so you can watch all the feeding business. Hummingbirds roost in there at night and shelter from storms.
                        Brian T

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                        • #27
                          The easiest way to tell a bee from a syrphid is to look at the wings. Syrphids are dipterans, i.e., flies, and therefore have only two wings. Di meaning two, pteron meaning wing. Bees have 4 wings, like most insects. Another common name for syrphid flies is flower flies and they do a lot of pollination. They are harmless but they mimic bees in coloration and therefore reap the benefits of protection from the yellow stripes of warning coloration found in bees, wasps, and hornets.
                          Last edited by Nomad; 10-14-2016, 05:54 PM.
                          Terry

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                          • #28
                            Just wanna add that this is an awesome thread . It's very comforting knowing that the wood carvers I socialize with have an awareness and appreciation of what's around them both big and small. Nature lovers are the kindest people . It's all so humbling.

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                            • #29
                              Thanks, Nomad. I knew that about the wings, but didn't have all the scientific words for it (and I probably won't remember them). Old mind, space is limited.To look at the wings of these fast moving little fellas I would have to stick them to the honey and peas on Eddys knife! Ha! I can't blink fast enough to see the wings! Interesting though, the ones we have are white or silver and black, not yellow for sure. But I think they are the same kind of fly.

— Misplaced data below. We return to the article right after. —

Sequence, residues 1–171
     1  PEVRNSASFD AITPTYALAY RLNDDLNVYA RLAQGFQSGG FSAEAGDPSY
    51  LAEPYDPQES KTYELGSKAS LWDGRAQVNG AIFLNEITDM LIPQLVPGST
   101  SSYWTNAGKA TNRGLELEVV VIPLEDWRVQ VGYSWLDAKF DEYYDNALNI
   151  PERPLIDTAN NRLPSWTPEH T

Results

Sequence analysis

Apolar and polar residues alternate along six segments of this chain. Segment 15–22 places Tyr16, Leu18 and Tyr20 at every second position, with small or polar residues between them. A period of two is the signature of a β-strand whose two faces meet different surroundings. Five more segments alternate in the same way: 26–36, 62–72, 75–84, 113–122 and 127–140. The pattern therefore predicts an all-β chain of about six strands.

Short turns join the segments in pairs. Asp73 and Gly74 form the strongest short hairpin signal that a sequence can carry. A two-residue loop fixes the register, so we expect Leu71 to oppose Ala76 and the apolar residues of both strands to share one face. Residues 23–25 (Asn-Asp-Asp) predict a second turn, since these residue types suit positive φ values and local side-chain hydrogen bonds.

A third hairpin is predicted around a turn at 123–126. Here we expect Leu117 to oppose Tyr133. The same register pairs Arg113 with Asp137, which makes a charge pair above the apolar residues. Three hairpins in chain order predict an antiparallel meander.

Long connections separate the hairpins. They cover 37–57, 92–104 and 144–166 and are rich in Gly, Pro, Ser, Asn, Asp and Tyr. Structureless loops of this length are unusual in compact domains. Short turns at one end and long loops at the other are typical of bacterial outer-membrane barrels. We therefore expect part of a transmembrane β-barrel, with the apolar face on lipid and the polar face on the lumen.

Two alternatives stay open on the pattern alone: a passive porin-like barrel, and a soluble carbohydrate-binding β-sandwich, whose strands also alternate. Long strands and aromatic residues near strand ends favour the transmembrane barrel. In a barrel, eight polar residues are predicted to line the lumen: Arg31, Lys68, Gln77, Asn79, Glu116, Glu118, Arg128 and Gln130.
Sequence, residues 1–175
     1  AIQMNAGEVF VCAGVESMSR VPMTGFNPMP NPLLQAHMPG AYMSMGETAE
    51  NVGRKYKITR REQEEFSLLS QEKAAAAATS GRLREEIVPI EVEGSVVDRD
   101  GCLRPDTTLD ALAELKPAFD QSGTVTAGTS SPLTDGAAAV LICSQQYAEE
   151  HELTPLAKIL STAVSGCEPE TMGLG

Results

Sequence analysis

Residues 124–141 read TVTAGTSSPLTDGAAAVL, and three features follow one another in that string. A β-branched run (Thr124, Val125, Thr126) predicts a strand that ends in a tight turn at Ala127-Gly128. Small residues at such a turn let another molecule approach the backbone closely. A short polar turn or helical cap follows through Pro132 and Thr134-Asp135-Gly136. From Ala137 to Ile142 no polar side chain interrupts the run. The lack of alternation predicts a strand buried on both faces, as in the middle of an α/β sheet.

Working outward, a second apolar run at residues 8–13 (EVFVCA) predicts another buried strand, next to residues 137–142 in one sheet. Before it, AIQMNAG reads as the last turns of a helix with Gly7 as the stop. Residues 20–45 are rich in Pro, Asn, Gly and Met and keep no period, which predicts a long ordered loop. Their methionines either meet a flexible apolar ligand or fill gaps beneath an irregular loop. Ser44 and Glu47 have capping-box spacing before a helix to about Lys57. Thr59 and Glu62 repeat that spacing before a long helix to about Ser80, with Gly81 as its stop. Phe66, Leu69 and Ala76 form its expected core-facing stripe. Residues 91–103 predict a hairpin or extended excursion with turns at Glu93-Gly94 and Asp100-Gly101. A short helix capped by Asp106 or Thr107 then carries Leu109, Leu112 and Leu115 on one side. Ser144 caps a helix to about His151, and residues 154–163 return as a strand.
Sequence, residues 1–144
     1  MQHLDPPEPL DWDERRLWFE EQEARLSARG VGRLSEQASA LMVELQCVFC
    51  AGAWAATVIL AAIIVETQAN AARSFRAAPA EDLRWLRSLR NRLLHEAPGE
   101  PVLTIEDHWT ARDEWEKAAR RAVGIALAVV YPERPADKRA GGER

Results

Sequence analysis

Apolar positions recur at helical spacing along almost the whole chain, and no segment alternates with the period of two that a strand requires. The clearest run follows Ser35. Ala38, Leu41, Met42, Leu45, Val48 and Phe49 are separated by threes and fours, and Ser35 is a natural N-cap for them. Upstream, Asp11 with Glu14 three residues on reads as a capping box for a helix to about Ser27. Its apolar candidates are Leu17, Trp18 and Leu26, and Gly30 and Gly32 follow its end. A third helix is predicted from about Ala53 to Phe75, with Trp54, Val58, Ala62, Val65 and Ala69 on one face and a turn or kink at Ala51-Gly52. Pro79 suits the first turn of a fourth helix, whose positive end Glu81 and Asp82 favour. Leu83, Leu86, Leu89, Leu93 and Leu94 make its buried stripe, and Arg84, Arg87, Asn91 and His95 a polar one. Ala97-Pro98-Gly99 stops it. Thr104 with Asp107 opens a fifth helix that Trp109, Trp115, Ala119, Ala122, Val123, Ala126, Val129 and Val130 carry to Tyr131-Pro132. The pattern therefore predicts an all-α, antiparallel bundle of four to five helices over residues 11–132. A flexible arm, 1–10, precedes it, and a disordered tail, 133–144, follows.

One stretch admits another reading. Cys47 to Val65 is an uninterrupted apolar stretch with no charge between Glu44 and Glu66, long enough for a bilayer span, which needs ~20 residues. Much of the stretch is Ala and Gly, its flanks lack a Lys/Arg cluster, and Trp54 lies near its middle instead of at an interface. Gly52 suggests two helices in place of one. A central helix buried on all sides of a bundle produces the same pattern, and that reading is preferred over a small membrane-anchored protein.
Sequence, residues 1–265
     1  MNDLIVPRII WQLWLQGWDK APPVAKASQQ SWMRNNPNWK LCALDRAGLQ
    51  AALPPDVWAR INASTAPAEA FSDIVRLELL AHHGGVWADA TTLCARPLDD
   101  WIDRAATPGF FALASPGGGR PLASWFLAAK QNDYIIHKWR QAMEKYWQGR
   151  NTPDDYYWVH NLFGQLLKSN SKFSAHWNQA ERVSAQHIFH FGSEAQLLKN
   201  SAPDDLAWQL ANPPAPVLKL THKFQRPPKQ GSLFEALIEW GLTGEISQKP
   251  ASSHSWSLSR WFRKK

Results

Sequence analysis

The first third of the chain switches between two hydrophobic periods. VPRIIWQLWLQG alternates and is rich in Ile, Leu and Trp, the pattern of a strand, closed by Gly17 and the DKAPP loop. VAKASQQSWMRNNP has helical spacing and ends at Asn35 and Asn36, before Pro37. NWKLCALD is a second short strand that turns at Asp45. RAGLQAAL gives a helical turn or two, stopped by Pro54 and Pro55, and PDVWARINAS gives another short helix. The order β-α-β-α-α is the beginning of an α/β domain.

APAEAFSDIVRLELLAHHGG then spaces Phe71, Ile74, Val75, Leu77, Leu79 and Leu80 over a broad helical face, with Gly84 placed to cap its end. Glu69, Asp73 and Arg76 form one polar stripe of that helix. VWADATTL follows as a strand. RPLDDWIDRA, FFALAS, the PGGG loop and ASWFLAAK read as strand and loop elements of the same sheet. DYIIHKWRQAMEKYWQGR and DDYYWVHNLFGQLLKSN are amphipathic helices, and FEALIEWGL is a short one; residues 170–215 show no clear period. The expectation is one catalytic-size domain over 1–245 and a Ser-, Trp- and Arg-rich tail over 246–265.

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                              • #30
                                Originally posted by sappy View Post
                                Thanks, Nomad. I knew that about the wings, but didn't have all the scientific words for it (and I probably won't remember them). Old mind, space is limited.To look at the wings of these fast moving little fellas I would have to stick them to the honey and peas on Eddys knife! Ha! I can't blink fast enough to see the wings! Interesting though, the ones we have are white or silver and black, not yellow for sure. But I think they are the same kind of fly.
                                LOL! Yeah, it's pretty easy for me to lapse into tech talk about these things. I've been teaching biology for nearly 30 years and this is everyday stuff for me. But you might try collecting a specimen sometime and then you can tell if it has one pair of wings or two using a hand lens.

                                I learned early on in my academic career about syrphids. When I was an undergrad I was taking a bunch of macro slides of flowers for a project I was doing and when I got them developed and looked closely, I saw a lot of different bees on the flowers. My advisor was an entomologist so I asked him if he could identify these bees for me. I gave him the slides and then a week later I asked him if he had identified all those bees. He said "Yup, and none of them are bees." LOL!
                                Terry